Yet, her beautiful, though often painful, voice and unmistakable sense of melody is just delightful to listen to throughout the album, and despite the fact that the lyrical themes are fairly easy to understand, they lack nothing in depth. Fordham's writing has a wonderful sense of capturing the difficulties of unrequited love, and she has such a beautiful voice that none of the songs fail to come home with precision. Her lyrics are always so heartfelt (even if they are often quite sad, even despairing in tone) that one can always identify with the characters in her songs in a way one cannot with most modern singer/songwriters and their often otherworldly themes.
The highlights of the album include the incredibly beautiful and literate "Porcelain", the extremely spare but wonderful "Lock and Key" and "Manhattan Skyline", the later gem "East West", and the movie theme "(Love Moves In) Mysterious Ways", which, though the only song on the album Fordham did not write, is just as great as the other songs on the album and adds diversity with its piano and rocking guitar. Almost as impressive are the incredibly sad "I Can't Help Myself" and "Happy Ever After" (which was her only entry onto the Australian charts - though it only reached #83) with its African rhythms.Read more ›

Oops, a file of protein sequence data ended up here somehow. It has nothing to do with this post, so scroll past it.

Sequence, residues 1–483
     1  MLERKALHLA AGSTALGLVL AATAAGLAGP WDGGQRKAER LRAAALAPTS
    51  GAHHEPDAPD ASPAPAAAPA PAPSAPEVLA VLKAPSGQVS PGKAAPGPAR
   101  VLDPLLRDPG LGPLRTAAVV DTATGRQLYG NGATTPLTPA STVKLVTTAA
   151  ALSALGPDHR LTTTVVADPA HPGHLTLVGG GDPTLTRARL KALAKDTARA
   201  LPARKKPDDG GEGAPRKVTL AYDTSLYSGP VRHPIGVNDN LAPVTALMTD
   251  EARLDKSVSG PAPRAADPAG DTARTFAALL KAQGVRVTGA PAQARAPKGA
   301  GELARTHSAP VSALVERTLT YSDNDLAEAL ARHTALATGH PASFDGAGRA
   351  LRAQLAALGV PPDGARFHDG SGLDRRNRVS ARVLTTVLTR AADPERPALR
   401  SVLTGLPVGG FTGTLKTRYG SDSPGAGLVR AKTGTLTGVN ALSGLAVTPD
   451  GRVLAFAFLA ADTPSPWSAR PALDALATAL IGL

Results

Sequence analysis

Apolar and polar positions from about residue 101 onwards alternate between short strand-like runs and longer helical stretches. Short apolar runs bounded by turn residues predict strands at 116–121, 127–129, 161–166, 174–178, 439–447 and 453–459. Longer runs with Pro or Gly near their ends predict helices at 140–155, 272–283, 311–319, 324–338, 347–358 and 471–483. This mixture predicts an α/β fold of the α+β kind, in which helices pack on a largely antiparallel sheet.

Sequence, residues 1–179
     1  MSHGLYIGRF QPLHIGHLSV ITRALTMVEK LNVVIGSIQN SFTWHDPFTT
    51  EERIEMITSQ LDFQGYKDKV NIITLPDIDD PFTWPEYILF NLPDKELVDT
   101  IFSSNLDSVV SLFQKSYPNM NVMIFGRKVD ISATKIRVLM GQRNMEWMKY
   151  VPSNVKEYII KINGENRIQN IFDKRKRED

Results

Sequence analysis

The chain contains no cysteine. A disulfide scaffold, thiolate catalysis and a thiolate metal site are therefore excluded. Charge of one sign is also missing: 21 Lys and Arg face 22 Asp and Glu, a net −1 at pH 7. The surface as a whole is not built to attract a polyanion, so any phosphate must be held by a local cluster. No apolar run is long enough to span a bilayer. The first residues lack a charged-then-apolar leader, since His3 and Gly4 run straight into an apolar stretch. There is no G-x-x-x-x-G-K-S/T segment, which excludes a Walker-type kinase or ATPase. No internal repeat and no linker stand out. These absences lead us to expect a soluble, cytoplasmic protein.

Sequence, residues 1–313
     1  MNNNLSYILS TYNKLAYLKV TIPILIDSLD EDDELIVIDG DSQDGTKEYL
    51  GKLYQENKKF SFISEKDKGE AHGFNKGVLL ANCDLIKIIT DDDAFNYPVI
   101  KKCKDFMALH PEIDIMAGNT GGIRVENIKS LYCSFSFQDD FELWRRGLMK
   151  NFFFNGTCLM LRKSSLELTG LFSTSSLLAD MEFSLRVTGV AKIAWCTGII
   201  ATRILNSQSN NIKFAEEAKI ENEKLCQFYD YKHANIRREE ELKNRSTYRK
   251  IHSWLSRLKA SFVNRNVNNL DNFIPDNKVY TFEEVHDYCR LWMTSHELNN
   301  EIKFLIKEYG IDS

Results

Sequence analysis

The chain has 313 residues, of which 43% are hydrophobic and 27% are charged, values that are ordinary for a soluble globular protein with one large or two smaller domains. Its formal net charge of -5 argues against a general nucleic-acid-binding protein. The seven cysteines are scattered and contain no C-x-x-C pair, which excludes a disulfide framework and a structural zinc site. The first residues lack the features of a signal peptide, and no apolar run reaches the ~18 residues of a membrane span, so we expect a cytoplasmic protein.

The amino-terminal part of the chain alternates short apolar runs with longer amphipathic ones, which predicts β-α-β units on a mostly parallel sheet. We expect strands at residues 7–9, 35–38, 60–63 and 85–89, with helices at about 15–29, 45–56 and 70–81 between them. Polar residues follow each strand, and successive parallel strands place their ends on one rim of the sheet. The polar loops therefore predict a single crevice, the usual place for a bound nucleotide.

Most recent customer reviews
Julia Fordham is a true undiscovered treasure. Blessed with an exceptional voice and golden pen, this lady has talent to burn. Read morePublished on July 23 2002 by A. Stan Davis
After all these years, I'm still amazed that Julia Fordham hasn't gotten the recognition she deserves. Read morePublished on June 19 2002 by Angela S.
Julia Fordham has yet to burst onto the popular "easy listening" scene in the US, and perhaps for those of us who adore her music it is just as well. Read morePublished on Jan. 22 2002 by J. Rausch
I first heard Julia's "Killing Me Softly" on a retail store promo CD and instantly loved (and related to the song). Read morePublished on Oct. 5 2001 by susan morris
I stumbled upon this cd on the listening section at Border's bookstore nearby. I take a quick listen and suddenly after a the first 30 seconds of Happy Ever After, I just decided... Read morePublished on June 26 2001
You cannot mistake this voice. It's lush, and jazzy and sometime soaked in misery. Other times its bouncy and full of light. Read morePublished on July 11 2000 by Collin Mitchell Kelley
It's time to get back to the studio, get that CD out and plan a small venue US tour. Your adoring fans are waiting. We need you back on the smooth-jazz play lists. Read morePublished on June 11 2000
The first time I saw Julia was on VH1 and it was for her Happy Ever After song, after I heard the song I went to the record store the next day and bought the tape. Read morePublished on May 27 2000
Julia Fordham never seizes to amaze me. I don't know any singer/songwriter who sings and writes songs with more passion and deep sadness consistenly than she does. Read morePublished on July 6 1999 by email@example.com